Rare Books Take on an Added Dimension

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As technology continually reshapes the world, modern academic libraries are finding innovative new digital projects and presentations to breathe renewed life into rare treasures from centuries past. Moving from the physical to the digital is allowing McGill students, faculty and researchers to explore ROAAr‘s rich holdings in creative new ways.

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Visualization wall in the Research Commons

Last year, the McGill Library launched its new Research Commons, an innovative, collaborative space that provides next-generation tools to students and researchers. The Commons includes a high-tech visualization studio capable of projecting high-resolution images onto a large video wall comprised of eight video screens.

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Emeritus Professor Ian MacLaren  presenting “From ‘nothing but a pasenger [sic]’ to Canadian Hero: Paul Kane’s Authorship of Wanderings of an Artist (1859).”

This October, ROAAr put that new technology to the test during a public lecture by Emeritus Professor Ian MacLaren (University of Alberta) about prominent 19th-century Canadian artist Paul Kane (1810-1871). Kane travelled from Ontario to the northwest quadrant of North America in the 1840s, sketching and painting the life and customs of the indigenous peoples across the vast northwestern Canadian wilderness. This initiative would eventually grow into a key documentary and visual history of the west, a portion of which was published in London in 1859 as Wanderings of an Artist among the Indians of North America : from Canada to Vancouver’s Island and Oregon through the Hudson’s Bay Company’s Territory and Back Again. Continue reading

Mrs. Beeton in Publisher’s Cloth

Professor Nathalie Cooke, McGill Library’s Associate Dean of Rare and Special Collections, drew our attention to these cookbooks while giving a seminar to Geoffrey Little’s graduate class in Book History. The McGill Library has a substantial historical Cookbook Collection, steeped in printing curiosities and demonstrating exceptional aspects in book production developments.

     For example, Mrs. Beeton’s cookbooks were the most popular British series of cookbooks in the latter half of the nineteenth century.  Elizabeth Driver writes that “From its first publication in book form in 1861, Mrs. Beeton’s The Book of Household Management ruled English kitchens for well over half a century.Her monumental text was recognized as a culinary authority throughout the Empire as emigrants carried the complete book, or the various shorter derivations of the original work, with them to their new homes” (Culinary Landmarks, 474).

1887. Decorative publisher’s cloth .

They were a staple commodity for the Ward and Lock Publishers in London. Despite the popularity and longevity of the Mrs. Beeton persona, as well as the many editions of ‘her’ books on cookery and household management, the real Isabella Beeton died after childbirth on 6 February 1865.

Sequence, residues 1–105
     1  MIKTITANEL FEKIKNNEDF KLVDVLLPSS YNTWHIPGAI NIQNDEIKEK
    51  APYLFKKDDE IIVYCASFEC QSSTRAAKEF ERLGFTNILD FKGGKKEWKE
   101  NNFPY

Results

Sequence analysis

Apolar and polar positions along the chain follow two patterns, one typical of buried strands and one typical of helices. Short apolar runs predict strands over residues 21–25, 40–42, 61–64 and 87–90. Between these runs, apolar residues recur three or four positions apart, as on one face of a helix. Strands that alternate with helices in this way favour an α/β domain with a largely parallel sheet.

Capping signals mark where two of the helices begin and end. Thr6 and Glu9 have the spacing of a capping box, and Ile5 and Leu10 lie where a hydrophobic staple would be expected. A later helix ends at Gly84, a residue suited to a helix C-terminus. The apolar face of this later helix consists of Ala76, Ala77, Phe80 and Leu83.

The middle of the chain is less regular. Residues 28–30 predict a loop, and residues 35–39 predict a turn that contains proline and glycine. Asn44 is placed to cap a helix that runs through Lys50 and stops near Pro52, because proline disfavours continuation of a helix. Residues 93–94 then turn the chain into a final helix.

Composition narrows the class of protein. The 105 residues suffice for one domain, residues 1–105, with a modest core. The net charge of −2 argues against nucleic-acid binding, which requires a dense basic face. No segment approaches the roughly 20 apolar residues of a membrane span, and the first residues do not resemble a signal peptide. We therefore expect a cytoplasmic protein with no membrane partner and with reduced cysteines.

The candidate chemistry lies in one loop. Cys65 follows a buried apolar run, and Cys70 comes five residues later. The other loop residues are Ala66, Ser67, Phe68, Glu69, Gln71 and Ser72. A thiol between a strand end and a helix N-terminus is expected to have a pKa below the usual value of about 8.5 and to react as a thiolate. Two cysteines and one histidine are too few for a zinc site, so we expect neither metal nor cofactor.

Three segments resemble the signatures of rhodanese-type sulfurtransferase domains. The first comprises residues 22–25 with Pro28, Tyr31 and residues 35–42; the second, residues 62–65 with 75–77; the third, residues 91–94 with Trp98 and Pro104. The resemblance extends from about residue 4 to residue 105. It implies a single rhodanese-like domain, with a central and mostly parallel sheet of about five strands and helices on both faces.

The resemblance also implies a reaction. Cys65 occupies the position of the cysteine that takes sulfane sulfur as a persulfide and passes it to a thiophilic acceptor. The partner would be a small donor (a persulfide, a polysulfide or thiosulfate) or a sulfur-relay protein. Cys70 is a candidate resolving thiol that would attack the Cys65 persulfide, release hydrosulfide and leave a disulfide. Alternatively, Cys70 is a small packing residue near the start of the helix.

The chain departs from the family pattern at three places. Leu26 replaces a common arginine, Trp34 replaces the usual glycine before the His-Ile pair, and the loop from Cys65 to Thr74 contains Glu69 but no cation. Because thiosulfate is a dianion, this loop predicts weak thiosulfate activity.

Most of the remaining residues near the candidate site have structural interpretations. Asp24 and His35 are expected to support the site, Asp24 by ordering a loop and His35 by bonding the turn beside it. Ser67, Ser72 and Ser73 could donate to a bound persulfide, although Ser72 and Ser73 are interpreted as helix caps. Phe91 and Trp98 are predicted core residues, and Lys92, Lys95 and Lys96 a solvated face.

Ward & Lock used the Beeton name on for a number of affordable every day handbooks such as: gardening, letter writing, dictionaries and household management. We are showing just two of the later British editions, from about 20 titles that Rare Books and Special Collections houses on the “Mrs. Beeton’s cookery” series.

Edition bindings started up in the nineteenth century as the book market expanded and the publishers of books started to do large print runs of popular titles intended for a wide readership.   Cookbooks fit the bill, especially the Mrs. Beeton series, which continued well into the twentieth century. In the 1830s, for various reasons, publishers started to assume the responsibility for binding their own editions. Cloth was their choice material – it was more durable than paper; and less expensive than leather.

1893. Pictorial publisher’s cloth.

Publishers commonly had their names stamped at the bottom of the spines, hence the book collector’s term:  “in publisher’s cloth”. Publishers understood that illustrated covers “could be used to enhance the outward appearance of a book and thus help catch the eye of the buyer” to encourage a sale (Percy Muir, Victorian Illustrated Books, 1971). At first, cloth bindings were dyed in colours and either textured or decorated in simple border designs by a blind-stamping process, and used small squares of paper as spine labels. By the 1840s, lettering and decorative and pictorial designs, were filled in with black or gilt, and applied directly onto the cloth.

Elaborate, multi-coloured pictorial cloth bindings picked up where stamped bindings left off.  The Ward and Lock edition from 1893, is an excellent example of this trend, which was at the height of popularity in the late Victorian era. It is bound in a smooth cloth dyed mustard yellow; the front cover and spines are partly stamped and partly printed in colours: white, black and pink and a bit of blue. The design is carried over to the spine.

Folding frontispiece in Mrs. Beeton’s Every Day Cookery, London: Ward & Lock, 1893. Chromolithograph made in Holland by Emrik and Binger.

At this time, cover art might take its inspiration from the illustrations in the text or from the  inserted plates of illustrations. The covers of the 1893 edition obviously borrows  from the  quite remarkable folding frontispiece.

Pictorial publisher’s cloth bindings are in many ways precursors to the dust jacket as an advertising medium, the kinds that are still in use today for cloth-bound, hard covered books.